19. Acetylcholine in Jackfruit
  20. Other Uses and Benefits of Different Parts of Jackfruit
  21. Value-Added Products from Jackfruit
  22. Conclusion
  23. References

Jackfruit seed contains phenolic compounds (Soong and Philip Barlow 2004) and about 6.03 mg/g extracted nonreducing sugar (Nualla-ong and others 2009) that is a prebiotoc. Prebiotics are nondigestible food ingredients. It is a part of oligosaccharide and nonreducing sugar that stimulate the growth and activity of bacteria in the digestive system that beneficially affect the host by improving its intestinal microbial balance. Prebiotics are carbohydrate. The composition of food classified as prebiotics include oligosaccharides and polysaccharides, such as fructo-oligosaccharide (FOS), galacto-oligosaccharide (GOS), inulin, and xylo-oligosaccharide, which are nonreducing sugar.

Prebioteics can be extracted by cleaning the jackfruit seed with water then grounded in a blender to size of 1 to 2 mm. The seeds can be extracted with 50% ethanol using batch extractor. To concentrate the extract solution it should be filtered by vacuum filter and then evaporated by rotary vacuum evaporator. Evaporated extract of jackfruit seed can be crystallized. The crystallizing temperature of prebiotics is 55 to 64 °C (by using differential scanning calorimeter) and the best temperature to obtain the highest percent of nonreducing sugar is 58 °C. Moreover, percentage of nonreducing sugar increases with increasing mixing speed and the best of mixing speed is 100 rpm (Thitipong Rugwong and others 2010).

Manufacture of Neutraceuticals from Jackfruit

  1. Top of page
  2. Abstract
  3. Introduction
  4. Phytochemistry
  5. Chemical Composition of Jackfruit
  6. Phytonutrients (Lignans, Isoflavones, and Saponins)
  7. Phenolic Compounds
  8. Antioxidants
  9. Carotenoid Composition
  10. Jackfruit as a Functional Fruit
  11. Functional Properties
  12. Extraction of Functional Components from Jackfruit
  13. Manufacture of Neutraceuticals from Jackfruit
  14. Human Disorders and Health
  15. Chemical Composition of Jackfruit Seed
  16. Chemical Properties of Jackfruit Seed Flour
  17. Other Properties
  18. Antiviral Properties
  19. Acetylcholine in Jackfruit
  20. Other Uses and Benefits of Different Parts of Jackfruit
  21. Value-Added Products from Jackfruit
  22. Conclusion
  23. References

Various jackfruit plant parts, including the bark, wood, leaves, fruit, and seeds, may exhibit a broad spectrum of antibacterial activity. Caution is advised in patients taking antibiotics due to possible additive effects. Jackfruit seeds may increase the risk of bleeding when taking with drugs that increase the risk of bleeding. Some examples include aspirin, anticoagulants (“blood thinners”) such as warfarin (Coumadin) or heparin, antiplatelet drugs such as clopidogrel (Plavix), and nonsteroidal anti-inflammatory drugs (NSAIDS) such as ibuprofen (Motrin, Advil) or naproxen (Naprosyn, Aleve).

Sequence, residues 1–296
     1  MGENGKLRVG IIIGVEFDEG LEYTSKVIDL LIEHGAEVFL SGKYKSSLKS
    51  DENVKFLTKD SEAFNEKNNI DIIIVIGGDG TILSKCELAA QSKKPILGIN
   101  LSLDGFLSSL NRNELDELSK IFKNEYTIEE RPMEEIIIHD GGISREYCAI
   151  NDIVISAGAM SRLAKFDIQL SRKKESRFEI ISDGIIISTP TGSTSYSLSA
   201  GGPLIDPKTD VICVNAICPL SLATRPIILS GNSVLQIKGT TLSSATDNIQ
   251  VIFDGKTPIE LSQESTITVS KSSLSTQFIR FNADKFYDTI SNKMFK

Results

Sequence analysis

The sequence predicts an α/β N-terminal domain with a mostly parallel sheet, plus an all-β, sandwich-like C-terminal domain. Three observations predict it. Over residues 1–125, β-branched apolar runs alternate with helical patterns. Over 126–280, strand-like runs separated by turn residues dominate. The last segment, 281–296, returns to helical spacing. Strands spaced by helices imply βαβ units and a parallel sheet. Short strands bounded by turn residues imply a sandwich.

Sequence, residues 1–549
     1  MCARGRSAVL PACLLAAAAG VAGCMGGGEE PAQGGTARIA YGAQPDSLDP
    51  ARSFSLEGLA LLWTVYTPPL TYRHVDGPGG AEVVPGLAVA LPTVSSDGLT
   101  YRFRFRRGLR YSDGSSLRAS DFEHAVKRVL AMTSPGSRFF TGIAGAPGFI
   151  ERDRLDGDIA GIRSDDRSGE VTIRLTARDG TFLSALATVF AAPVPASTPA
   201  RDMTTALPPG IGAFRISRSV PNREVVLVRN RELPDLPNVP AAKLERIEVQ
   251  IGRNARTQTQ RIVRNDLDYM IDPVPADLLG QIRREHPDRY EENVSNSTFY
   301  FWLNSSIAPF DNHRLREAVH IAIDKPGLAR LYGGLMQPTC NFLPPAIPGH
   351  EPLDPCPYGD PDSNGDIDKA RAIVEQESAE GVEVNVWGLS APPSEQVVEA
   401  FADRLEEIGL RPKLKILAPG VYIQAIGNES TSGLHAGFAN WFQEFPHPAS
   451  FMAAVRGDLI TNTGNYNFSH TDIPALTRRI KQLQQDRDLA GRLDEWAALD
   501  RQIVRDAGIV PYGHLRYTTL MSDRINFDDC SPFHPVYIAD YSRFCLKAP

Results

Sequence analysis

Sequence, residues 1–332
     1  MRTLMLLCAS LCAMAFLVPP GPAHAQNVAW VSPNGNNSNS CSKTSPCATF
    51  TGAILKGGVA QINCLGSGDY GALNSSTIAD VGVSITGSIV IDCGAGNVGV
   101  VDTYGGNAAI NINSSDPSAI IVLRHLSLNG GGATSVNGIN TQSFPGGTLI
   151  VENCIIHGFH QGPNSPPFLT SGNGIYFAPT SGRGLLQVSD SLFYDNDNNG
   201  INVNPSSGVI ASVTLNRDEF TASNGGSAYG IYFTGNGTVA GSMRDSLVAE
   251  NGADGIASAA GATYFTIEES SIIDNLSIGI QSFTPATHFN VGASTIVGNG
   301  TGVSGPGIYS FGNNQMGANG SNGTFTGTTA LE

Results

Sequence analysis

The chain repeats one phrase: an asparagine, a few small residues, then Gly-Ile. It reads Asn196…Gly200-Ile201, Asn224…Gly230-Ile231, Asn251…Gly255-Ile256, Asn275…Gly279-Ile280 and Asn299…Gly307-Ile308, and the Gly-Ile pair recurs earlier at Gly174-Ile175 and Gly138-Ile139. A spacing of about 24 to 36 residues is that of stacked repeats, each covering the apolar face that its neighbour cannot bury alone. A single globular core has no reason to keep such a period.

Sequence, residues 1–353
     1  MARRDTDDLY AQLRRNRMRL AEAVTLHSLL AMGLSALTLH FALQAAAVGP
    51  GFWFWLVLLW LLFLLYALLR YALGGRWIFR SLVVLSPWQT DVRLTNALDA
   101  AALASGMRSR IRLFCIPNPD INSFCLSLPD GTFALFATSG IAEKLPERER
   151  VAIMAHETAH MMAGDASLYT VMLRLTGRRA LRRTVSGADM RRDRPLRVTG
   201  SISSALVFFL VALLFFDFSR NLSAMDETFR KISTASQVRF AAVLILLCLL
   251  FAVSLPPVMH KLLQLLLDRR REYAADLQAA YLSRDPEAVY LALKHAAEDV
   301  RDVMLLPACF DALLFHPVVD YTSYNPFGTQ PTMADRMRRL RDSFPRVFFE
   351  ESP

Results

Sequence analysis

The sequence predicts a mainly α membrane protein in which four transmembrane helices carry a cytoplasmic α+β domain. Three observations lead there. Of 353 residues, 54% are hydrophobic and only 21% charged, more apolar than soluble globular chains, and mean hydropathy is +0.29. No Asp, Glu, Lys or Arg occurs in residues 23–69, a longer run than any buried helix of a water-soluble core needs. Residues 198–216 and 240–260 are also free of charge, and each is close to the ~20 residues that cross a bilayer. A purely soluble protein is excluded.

Jackfruit leaves may improve glucose tolerance in normal and type 2 diabetes patients. It also inhibits the growth of Fusarium moniliforme and Saccharomyces cerevisiae. However, there are conflicting data regarding jackfruit's antifungal activity.

Human Disorders and Health

  1. Top of page
  2. Abstract
  3. Introduction
  4. Phytochemistry
  5. Chemical Composition of Jackfruit
  6. Phytonutrients (Lignans, Isoflavones, and Saponins)
  7. Phenolic Compounds
  8. Antioxidants
  9. Carotenoid Composition
  10. Jackfruit as a Functional Fruit
  11. Functional Properties
  12. Extraction of Functional Components from Jackfruit
  13. Manufacture of Neutraceuticals from Jackfruit
  14. Human Disorders and Health
  15. Chemical Composition of Jackfruit Seed
  16. Chemical Properties of Jackfruit Seed Flour
  17. Other Properties
  18. Antiviral Properties
  19. Acetylcholine in Jackfruit
  20. Other Uses and Benefits of Different Parts of Jackfruit
  21. Value-Added Products from Jackfruit
  22. Conclusion
  23. References

Any condition that interferes with the normal functioning of the body is called a disease. In other words, disease may be defined as a disorder in the physical, physiological, psychological or social state of a person caused due to nutritional deficiency, physiological disorder, genetic disorder, pathogen, or any other reason. Jackfruit has antioxidant properties that plays vital role to cure the following human disorder and improving health.